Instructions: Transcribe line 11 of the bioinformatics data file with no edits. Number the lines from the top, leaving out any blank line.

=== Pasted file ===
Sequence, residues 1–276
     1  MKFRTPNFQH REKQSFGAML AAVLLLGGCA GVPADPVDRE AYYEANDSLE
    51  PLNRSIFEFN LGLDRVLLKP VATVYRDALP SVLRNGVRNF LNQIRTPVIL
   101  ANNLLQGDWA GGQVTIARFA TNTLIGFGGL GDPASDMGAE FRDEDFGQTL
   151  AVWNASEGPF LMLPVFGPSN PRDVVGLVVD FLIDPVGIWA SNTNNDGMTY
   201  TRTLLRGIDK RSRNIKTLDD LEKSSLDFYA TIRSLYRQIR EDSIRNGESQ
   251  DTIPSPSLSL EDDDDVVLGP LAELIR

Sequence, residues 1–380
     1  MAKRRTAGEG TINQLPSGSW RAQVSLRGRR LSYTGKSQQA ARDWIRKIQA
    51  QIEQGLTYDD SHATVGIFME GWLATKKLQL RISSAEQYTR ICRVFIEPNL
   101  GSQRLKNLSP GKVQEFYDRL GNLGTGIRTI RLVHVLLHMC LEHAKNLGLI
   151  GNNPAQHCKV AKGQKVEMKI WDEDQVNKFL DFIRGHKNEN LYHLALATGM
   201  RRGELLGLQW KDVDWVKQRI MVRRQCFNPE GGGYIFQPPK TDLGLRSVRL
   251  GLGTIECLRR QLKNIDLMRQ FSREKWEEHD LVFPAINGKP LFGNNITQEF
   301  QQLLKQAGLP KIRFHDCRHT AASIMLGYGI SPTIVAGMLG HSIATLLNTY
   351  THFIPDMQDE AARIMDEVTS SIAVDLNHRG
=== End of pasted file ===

   101  GSQRLKNLSP GKVQEFYDRL GNLGTGIRTI RLVHVLLHMC LEHAKNLGLI